A trip via Serendip to reading

. . . or why I’m reading Amanda Hocking’s Trylle trilogy.

Like many people recently, I’ve heard of her success on Kindle, and from curiosity, I downloaded the sample of the first book, Switched, to my iPod Touch Kindle app. I wanted to know what she was doing that hooked readers. Now, I know not everyone likes her writing (my friend Alex initially liked the sample, but quit reading halfway through the book), but I had to read it, given the sample. (It’s possible I just haven’t gotten fed up with Wendy’s angst yet, and I’ll agree with Alex in the long run. We’ll see.)

You see, the first book I wrote, for NaNoWriMo 2003, was called Changeling. Summer wasn’t precisely a changeling; she was half-fey. However, she didn’t know that. She’d never known her father, and now weird things were happening to her and she didn’t know why. Where my book failed, though, was in figuring out what happened when she learned the truth. I didn’t have a real society for her to interact with, or real plans for what exactly she had to overcome. My story was overly simplistic compared to Hocking’s because I neglected world-building.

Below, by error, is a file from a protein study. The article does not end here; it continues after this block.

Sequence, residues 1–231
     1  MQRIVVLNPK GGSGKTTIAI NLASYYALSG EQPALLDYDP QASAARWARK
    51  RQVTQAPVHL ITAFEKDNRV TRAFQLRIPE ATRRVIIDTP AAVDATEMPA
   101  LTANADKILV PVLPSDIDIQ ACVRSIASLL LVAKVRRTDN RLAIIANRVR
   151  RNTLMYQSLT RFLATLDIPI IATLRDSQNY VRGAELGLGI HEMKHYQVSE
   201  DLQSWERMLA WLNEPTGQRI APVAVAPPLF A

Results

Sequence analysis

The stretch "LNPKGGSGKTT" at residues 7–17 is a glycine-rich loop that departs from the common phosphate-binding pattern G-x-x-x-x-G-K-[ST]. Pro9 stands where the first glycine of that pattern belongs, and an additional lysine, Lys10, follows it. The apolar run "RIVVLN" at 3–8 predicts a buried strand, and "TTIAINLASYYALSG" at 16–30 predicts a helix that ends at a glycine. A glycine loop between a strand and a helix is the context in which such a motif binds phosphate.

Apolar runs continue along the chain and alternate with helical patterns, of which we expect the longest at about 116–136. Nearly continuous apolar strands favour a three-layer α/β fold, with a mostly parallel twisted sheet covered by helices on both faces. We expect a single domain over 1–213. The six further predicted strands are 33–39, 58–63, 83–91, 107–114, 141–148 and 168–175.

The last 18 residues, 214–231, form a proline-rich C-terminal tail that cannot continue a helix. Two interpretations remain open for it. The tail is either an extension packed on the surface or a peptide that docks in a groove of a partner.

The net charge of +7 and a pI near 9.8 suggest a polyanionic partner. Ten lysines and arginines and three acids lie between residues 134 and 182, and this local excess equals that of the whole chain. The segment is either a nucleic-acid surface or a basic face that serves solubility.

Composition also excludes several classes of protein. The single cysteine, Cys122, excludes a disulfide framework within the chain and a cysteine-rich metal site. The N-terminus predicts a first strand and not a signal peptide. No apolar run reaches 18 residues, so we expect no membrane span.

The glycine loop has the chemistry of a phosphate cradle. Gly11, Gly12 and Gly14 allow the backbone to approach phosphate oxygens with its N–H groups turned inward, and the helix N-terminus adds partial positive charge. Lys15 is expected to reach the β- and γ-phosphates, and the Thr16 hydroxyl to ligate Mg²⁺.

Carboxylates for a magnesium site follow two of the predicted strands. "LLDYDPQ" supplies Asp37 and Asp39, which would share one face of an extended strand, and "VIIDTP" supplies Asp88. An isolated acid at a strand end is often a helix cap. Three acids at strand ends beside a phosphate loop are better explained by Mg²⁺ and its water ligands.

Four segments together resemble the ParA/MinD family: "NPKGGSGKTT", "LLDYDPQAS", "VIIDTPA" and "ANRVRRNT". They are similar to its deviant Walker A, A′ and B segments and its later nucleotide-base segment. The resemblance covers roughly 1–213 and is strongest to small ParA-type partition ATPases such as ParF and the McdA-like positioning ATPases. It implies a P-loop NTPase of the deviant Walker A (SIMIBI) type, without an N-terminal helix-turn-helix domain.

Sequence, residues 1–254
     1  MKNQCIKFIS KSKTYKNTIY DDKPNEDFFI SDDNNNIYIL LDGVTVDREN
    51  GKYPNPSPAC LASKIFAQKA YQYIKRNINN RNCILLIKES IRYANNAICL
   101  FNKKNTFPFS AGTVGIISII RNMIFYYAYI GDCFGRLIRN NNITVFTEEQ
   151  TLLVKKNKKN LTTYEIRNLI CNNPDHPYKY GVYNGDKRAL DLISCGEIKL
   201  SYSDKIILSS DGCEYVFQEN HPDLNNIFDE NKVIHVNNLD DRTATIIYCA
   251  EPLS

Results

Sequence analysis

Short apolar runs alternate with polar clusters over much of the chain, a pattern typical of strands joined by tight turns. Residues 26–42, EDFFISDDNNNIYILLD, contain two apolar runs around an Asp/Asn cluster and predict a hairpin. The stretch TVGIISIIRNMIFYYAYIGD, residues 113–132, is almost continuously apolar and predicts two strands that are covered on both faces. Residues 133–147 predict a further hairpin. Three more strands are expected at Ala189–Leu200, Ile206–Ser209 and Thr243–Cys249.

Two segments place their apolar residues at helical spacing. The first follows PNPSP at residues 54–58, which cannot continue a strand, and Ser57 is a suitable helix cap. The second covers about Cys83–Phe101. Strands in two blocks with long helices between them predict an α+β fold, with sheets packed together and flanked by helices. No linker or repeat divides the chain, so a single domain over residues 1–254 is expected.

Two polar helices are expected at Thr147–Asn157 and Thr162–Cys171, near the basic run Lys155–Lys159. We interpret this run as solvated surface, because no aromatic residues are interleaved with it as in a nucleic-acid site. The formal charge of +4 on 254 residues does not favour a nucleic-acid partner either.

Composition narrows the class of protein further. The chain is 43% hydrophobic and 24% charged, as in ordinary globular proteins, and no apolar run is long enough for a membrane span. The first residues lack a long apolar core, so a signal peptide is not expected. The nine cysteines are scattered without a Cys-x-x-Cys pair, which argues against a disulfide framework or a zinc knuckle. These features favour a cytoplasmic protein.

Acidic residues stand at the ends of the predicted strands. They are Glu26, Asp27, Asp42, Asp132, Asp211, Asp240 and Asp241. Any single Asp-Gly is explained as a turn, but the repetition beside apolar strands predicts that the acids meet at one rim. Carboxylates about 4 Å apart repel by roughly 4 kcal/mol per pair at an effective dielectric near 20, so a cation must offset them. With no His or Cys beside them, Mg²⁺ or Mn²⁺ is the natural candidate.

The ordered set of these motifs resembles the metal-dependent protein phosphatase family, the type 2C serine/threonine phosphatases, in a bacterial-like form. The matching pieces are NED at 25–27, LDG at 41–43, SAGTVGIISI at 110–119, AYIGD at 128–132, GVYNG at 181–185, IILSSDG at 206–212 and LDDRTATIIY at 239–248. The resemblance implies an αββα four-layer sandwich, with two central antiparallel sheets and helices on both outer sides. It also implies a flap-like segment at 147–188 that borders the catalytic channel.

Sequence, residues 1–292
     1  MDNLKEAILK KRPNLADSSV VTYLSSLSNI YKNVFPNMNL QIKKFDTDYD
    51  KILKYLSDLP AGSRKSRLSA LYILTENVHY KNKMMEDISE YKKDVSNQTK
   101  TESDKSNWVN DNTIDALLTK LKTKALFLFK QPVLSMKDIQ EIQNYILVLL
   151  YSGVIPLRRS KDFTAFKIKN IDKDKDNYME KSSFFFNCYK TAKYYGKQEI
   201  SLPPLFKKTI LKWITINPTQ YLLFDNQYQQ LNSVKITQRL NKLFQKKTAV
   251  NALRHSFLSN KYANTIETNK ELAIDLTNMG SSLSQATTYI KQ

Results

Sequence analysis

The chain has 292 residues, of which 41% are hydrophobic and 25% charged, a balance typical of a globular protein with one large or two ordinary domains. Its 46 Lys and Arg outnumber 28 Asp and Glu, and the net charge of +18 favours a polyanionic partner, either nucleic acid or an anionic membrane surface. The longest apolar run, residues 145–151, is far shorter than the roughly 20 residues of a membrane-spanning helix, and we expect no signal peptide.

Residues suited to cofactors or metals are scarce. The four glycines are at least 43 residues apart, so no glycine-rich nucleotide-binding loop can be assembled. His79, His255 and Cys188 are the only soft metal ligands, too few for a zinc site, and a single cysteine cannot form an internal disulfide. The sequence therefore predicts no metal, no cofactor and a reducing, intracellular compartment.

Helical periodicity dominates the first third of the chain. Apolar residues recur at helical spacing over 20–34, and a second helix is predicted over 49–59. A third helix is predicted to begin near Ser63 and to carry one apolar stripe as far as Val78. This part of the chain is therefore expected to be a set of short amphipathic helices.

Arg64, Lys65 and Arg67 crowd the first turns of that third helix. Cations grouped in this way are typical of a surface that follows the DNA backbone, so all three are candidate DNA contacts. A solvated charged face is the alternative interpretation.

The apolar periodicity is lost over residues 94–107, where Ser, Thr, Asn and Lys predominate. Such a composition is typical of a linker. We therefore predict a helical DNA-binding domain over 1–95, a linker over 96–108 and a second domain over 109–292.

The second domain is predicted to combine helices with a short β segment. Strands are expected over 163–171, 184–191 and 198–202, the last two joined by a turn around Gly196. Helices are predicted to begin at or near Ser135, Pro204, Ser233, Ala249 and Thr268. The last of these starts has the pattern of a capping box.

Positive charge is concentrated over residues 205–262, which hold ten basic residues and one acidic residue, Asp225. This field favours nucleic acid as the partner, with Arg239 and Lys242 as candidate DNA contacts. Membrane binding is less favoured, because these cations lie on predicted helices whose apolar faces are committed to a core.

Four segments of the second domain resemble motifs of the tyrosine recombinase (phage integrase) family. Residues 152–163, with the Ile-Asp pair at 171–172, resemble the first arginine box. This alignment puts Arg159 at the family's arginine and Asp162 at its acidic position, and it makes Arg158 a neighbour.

However, if you want to know why her sample hooked me, read the following scene from Changeling. I had to know how she took something so similar and worked through it. (Yes, I know the writing is wooden. It was my first. Sorry.)


Summer tugged on Kyle’s hand. “It’s not as cool as I thought out here. Let’s go back in. ” However, as she began to move forward, she heard live music, and her footsteps faltered. She stood still, as she listened for the faint strains she had heard. There was a flute, and a touch of violin, she thought, or maybe harp. Something with strings. It came in fits and gasps with the wind. She cocked her head, trying to pinpoint which direction the sound was coming from.

Kyle looked puzzled. “What’s up?”

“I heard music.”

He shrugged. “We’re at a dance.”

She shook her head. “No, not like that. As though someone were playing instruments out here.” She paused, holding her breath and standing on tip-toe, trying to catch one last faint note. She sighed as she sank back to the ground. “It’s gone now. Let’s go see if Andra has deigned to dance with any of her admirers.”

He laughed, slipping his arm around her shoulders. “My money’s on Vince. He’s been the most persistent.” She laughed with him and moved into the gym.

Inside, Andra was still standing near the entry door. Summer grinned as Andra turned away from their friend Vince. He didn’t leave, though. Summer looked at Kyle. “Would you get me a can of root beer, please?”

He gave a wry smile. “I’ll meet you by Andra.”

“Thanks.” She leaned in and gave him a quick kiss before moving over to join her friend.

Andra greeted her with a big smile. “Finally tear yourself away from the big he-man?”

“You ought to try it sometime.” There was a chorus of responses from those surrounding Andra.